Climate Change has reached scientific consensus, so why and how do people still deny it? Photo via Takver, Flickr CC.

Even with nearly a hundred percent consensus within the scientific community, the notion that humans are not causing climate change is still widespread amongst the public. A new study in Nature Climate Change by sociologist Justin Farrell of Yale University aimed to find out how climate doubt is manufactured, and was covered in The Washington Post.

Farrell, the sole author of the study, is quoted at length about his findings. Unsurprisingly, his motivation for research was grounded in a genuine curiosity as to how there is such an extraordinary gap between scientific and public consensus:

“I’ve personally been interested in understanding how a social movement can spread such uncertainty and doubt in the general public on an issue that has achieved near scientific consensus.”

What he found is that the organizations that promote these contrarian views are connected in a network. Those organizations that are central to the network, received funding from larger corporate interests, in this case either ExxonMobil or the Koch Brothers. Farrell isn’t anti-corporate funding, but he is pro-transparency.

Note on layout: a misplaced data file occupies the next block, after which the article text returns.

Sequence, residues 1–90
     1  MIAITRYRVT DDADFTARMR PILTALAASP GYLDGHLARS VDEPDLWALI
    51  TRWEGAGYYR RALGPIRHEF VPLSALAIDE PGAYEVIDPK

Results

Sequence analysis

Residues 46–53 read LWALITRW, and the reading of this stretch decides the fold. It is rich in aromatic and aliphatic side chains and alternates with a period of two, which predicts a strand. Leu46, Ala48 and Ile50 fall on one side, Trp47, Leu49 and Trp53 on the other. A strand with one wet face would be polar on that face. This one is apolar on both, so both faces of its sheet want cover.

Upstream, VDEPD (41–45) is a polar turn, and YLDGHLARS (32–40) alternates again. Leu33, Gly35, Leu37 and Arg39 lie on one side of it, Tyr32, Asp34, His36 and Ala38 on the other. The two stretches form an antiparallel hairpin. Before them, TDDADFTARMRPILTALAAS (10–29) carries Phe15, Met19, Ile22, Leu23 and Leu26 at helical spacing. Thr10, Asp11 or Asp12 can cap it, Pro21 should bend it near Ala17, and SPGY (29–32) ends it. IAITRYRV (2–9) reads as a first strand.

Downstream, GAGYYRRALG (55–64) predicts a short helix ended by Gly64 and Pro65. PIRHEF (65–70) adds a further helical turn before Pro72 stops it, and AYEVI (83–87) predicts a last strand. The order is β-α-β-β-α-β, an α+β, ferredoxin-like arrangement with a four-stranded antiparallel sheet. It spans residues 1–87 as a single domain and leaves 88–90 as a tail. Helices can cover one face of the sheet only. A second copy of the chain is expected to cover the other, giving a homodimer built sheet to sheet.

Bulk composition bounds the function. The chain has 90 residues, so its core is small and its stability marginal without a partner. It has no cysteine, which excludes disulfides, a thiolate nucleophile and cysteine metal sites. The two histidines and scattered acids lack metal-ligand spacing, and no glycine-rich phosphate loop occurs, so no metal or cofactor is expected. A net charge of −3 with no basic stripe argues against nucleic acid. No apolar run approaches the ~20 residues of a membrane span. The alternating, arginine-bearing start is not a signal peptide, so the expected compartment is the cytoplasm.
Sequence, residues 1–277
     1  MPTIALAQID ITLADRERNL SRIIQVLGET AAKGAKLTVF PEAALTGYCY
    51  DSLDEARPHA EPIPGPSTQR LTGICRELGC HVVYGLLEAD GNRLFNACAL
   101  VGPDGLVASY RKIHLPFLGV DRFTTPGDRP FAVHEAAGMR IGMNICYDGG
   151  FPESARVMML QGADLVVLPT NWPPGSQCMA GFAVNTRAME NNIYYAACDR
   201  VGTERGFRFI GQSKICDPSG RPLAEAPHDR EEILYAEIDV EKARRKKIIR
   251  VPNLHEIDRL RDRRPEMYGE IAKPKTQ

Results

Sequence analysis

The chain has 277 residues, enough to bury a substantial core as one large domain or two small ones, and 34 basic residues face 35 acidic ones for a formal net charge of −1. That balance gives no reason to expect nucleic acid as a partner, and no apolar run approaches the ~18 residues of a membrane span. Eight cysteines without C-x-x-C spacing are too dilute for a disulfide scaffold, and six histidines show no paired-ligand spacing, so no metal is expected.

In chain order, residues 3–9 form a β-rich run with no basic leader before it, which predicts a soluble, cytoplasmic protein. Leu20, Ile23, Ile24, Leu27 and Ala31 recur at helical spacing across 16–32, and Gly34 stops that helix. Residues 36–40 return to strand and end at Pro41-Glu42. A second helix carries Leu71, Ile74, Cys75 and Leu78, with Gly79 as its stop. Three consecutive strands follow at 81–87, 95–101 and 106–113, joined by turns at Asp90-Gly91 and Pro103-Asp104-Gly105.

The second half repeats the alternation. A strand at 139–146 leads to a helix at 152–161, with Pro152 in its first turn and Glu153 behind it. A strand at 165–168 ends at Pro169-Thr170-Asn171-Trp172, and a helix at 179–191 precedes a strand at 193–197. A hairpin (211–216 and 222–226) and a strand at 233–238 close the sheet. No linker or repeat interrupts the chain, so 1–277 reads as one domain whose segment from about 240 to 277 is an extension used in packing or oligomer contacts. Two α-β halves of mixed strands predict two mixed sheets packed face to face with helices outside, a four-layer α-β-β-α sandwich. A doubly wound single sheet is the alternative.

“Of course, the solution is not to forbid corporate funding of this or that issue, but to start by providing better access to who is funding who, so that folks are not kept in the dark, making it hard to know who to trust, if anybody.”

“I hope people read these findings in the light of the bigger picture, and not just ExxonMobil or Koch, but more broadly these two entities are simply a very strong indicator of the larger types of financial interests that are behind the movement,” he said.

In addition to Farrell, the article quotes Robert Brulle, professor of sociology and environmental science at Drexel University, who served as a reviewer for the study. Brulle had interesting advice for how climate change activists can shift the narrative and persuade public opinion:

“When you look at comparative strategies, the climate science community or the climate advocacy community does not have as much of a media-centered focus as does the conservative movement,” Brulle said. “I think that that’s what this paper starts to push on. You have to move more toward a media-centered influence—the influencers’ strategy—rather than trying to convert individual by individual.”

Read the full article by Chelsea Harvey here, and learn more about sociological studies of how echo chambers work to limit the amount of climate change science that enters political debates with this article in the Fall 2015 issue of Contexts, the public outreach journal of the American Sociological Society.